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CarbonatesRichard J. Reeder, editor
(this page revised 08/14/2011)Description
Table of Contents
1983, 1990 i-xii + 399 pages. ISBN 0-939950-15-4; ISBN13 978-0-939950-15-7.
This volume of Reviews in Mineralogy attempts to synthesize our present understanding of certain aspects of the mineralogy and chemistry of the rock-forming carbonates. Hopefully, it reflects the presently more active areas of research. This review follows, by ten years, a major assessment of (sedimentary) carbonate minerals by Lippmann (1973). There is only minor overlap of subject material, and I hope that this difference reflects fairly how this field has developed.
In some respects carbonates are unique, for they are one of the few mineral groups providing an abundant record of biological, physical, and chemical processes throughout much of geologic time. Because of their relative importance in sedimentary rocks, lowtemperature examples are given more emphasis here. Moreover, the obvious correlation with energy resources has been a significant factor contributing to the current resurgence of interest in this area. However, the broader interest in carbonates is also a reflection of their widespread occurrence in vastly different geologic environments, including metamorphic and igneous settings, as well as an appreciation of their role in both atmospheric and oceanic chemistry, both past and present.
In this volume, some of the papers are general (i.e., those addressing crystal chemistry and phase relations), and they provide overviews of a fundamental nature and are of interest to many. Others are more specialized in coverage and generally reflect the different approaches used in carbonate geochemistry. The final chapter introduces transmission electron microscopy, a relatively new and powerful technique for mineralogical research that has great potential in carbonate research.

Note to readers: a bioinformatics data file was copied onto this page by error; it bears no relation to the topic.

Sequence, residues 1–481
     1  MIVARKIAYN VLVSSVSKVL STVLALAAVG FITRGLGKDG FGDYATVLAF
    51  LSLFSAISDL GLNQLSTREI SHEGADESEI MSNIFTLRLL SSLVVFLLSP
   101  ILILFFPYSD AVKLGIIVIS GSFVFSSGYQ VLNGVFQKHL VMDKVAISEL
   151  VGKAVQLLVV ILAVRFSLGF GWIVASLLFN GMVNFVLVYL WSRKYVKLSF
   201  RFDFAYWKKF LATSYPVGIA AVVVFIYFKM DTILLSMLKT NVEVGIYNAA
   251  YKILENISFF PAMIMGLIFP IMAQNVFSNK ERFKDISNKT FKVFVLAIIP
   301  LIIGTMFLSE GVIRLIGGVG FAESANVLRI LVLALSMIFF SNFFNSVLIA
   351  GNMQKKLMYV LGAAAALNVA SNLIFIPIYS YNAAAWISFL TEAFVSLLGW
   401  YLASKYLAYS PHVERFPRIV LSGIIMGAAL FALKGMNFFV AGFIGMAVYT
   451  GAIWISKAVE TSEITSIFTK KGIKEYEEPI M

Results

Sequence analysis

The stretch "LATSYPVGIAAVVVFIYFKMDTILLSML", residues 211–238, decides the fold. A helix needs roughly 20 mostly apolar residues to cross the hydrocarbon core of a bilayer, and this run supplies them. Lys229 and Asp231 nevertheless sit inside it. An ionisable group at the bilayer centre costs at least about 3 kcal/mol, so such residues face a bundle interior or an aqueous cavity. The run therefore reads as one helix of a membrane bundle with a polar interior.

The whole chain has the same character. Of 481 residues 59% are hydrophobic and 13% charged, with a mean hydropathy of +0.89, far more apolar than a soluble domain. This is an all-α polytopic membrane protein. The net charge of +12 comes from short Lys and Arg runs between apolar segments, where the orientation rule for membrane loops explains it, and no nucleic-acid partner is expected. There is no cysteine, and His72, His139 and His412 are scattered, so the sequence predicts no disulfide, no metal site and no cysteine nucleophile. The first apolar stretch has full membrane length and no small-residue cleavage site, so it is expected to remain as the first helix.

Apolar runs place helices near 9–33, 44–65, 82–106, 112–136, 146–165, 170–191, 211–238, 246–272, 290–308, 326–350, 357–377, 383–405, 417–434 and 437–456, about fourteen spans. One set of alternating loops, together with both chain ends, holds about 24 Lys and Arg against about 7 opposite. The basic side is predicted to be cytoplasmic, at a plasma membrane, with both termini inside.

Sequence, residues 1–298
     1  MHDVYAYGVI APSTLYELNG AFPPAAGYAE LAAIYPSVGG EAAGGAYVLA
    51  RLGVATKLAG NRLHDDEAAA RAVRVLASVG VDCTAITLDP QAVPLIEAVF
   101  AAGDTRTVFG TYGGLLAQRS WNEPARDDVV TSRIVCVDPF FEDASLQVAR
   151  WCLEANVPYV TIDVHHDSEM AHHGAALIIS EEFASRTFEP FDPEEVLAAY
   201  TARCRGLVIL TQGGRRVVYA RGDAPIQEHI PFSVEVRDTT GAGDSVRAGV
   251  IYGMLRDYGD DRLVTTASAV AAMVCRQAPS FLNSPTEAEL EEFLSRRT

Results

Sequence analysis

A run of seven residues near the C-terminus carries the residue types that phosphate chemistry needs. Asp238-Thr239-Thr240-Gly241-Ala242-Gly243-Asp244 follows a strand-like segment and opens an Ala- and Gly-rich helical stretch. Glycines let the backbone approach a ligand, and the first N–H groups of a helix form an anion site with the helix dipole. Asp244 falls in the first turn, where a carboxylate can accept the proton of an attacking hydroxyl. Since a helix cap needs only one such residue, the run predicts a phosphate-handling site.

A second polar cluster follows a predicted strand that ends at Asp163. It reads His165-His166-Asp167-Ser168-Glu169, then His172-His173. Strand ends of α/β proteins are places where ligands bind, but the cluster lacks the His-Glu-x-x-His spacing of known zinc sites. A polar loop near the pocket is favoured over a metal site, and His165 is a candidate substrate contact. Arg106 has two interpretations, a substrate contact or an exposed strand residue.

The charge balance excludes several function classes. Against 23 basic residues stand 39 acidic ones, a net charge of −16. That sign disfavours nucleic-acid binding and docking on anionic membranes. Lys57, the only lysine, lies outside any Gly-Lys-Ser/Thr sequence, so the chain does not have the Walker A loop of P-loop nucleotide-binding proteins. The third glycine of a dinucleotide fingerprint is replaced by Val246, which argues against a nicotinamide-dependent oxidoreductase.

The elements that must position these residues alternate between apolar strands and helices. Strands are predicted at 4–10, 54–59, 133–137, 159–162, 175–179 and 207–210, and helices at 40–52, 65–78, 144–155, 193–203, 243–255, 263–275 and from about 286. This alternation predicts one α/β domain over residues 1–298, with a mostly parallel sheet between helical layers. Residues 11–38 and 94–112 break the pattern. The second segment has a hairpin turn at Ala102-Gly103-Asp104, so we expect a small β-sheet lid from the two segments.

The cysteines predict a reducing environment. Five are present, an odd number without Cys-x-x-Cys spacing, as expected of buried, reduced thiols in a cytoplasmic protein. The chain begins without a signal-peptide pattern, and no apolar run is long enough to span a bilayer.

Owing to the short time interval between the completion of manuscripts and publication, much of the newer material in this volume is still "fresh." The various reviewers, all gratefully acknowledged, were expeditious in their efforts. A hurried schedule, however, allows for unnoticed errors to persist; these should be brought to my attention.
Interest in carbonate research has continued at an ever-hurried pace since this book was first printed. While the individual chapters could not be revised in this second printing to include the many new findings, a partial listing of noteworthy papers that have since appeared are given in an Appendix at the end of the volume (p. 395-399). These papers are arranged by chapters corresponding roughly to the subject area discussed. In addition, incomplete references from the first printing are listed in this appendix. The assistance of the authors and especially of Paul Ribbe is greatly appreciated.
Several years ago, Rich Reeder, who was and still is very excited about new vistas of research centered around application of the transmission electron microscope to carbonates, volunteered to organize a short course on carbonates for the Mineralogical Society of America. His success is commemorated by this volume with its fifteen authors, nine of whom lectured October 28-30, 1983, just prior to the annual meetings of M.S.A. and the Geological Society of America at Indianapolis, Indiana.
Foreward, Acknowledgements, & Preface
Table of Contents
Chapter 1. Crystal Chemistry of the Rhombohedral Carbonates
Chapter 2. Phase Relations of Rhombohedral Carbonates
Chapter 3. Solid Solutions and Solvi Among Metamorphic Carbonates with Applications to Geologic Thermobarometry
Chapter 4. Magnesian Calcites: Low-Temperature Occurrence, Solubility and Solid Solution Behavior
Chapter 5. Crystal Chemistry and Phase Relations of Orthorhombic Carbonates
Chapter 6. The Polymorphs of CaCO3 and the Aragonite-Calcite Transformation
Chapter 7. The Kinetics of Calcium Carbonate Dissolution and Precipitation
Chapter 8. Trace Elements and Isotopes in Sedimentary Carbonates
Chapter 9. Microstructures in Carbonates
Appendix to Second Printing